Senate Republicans voted Sunday to move forward with the confirmation of Judge Amy Coney Barrett—who will be President Trump’s third appointee and the sixth conservative justice on the nine-person bench—to the Supreme Court against Democratic objections, overcoming a final procedural roadblock and virtually guaranteeing her appointment in a final vote on Monday.
The Senate’s rare Sunday procedural vote ended a Democratic filibuster that was a last-ditch effort to delay the confirmation.
Senators voted 51-48, largely along party lines.
Sen. Susan Collins (R-Maine) and Sen. Lisa Murkowski (R-Alaska) broke with Republican ranks to vote with Democrats in Sunday’s procedural vote.
During her confirmation hearings, Barrett faced tough questioning from Democrats on her position on the Affordable Care Act and Roe v. Wade, both of which they believe she will vote to overturn.
Though she has a consistent record of conservative voting, Barrett has maintained that her personal views will not influence her rulings on the Supreme Court.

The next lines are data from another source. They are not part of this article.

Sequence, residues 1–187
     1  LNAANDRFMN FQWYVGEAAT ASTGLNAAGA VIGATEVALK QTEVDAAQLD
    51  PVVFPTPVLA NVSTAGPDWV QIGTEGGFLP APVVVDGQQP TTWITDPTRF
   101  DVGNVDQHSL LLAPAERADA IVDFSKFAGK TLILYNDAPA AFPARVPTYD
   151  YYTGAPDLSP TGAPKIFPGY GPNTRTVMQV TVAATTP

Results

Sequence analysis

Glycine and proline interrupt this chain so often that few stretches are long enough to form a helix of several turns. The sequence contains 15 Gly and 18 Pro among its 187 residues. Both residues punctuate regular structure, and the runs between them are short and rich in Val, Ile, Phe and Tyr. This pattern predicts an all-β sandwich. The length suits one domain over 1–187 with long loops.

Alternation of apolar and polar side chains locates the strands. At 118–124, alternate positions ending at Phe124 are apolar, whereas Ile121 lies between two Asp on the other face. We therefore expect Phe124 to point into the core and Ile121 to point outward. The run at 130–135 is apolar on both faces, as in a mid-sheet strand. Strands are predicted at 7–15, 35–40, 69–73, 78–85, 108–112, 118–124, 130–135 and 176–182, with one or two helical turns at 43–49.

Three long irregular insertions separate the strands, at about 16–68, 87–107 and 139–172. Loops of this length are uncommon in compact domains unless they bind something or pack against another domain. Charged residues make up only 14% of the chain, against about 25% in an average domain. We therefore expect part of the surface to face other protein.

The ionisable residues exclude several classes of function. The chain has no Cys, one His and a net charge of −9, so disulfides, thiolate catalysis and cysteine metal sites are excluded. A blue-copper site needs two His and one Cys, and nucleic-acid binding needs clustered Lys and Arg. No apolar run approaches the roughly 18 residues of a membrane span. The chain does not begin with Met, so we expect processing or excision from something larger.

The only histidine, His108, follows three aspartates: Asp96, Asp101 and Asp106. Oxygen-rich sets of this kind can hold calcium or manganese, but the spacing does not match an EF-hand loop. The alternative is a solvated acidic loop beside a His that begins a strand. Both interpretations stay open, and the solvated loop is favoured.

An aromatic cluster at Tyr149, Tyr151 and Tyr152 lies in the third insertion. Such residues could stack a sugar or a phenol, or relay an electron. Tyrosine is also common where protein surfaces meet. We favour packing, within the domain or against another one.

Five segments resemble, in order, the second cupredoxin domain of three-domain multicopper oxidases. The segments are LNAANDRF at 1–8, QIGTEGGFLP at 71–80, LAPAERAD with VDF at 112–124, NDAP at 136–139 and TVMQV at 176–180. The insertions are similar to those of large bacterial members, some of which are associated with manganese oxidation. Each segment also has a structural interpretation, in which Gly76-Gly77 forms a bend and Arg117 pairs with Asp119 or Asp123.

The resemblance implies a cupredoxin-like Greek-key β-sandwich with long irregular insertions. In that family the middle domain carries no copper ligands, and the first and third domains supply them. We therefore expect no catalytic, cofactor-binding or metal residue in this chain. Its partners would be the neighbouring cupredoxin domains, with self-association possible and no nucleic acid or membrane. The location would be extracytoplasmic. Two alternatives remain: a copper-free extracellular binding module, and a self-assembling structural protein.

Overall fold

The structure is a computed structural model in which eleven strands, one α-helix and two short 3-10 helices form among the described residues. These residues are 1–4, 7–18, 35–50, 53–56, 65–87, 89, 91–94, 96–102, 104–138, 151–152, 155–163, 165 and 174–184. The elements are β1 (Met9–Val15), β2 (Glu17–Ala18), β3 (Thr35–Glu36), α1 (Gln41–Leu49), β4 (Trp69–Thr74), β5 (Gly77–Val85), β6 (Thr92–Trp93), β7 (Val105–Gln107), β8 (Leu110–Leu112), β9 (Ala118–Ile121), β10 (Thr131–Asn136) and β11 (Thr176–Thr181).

“By tomorrow night, we will have a new member of the United States Supreme Court,” Senate Majority Leader Mitch McConnell (R-Ky.) said on the Senate floor Sunday.
“The Republicans, as we all know, as the nation knows, are running the most partisan, most hypocritical, least legitimate process in the history of Supreme Court nominations,” Senate Minority Leader Chuck Schumer (D-N.Y.) said last week.
Democrats have raised vehement objections to Barrett’s nomination to the court since President Trump announced her nomination at the end of September, in the immediate aftermath of Justice Ruth Bader Ginsberg’s death. They are arguing that Barrett’s nomination on the grounds that it is too close to the Nov. 3 presidential election—especially given President Trump’s repeated statements that he wants Barrett confirmed quickly so she can rule on any legal challenges that arise in the aftermath of the election.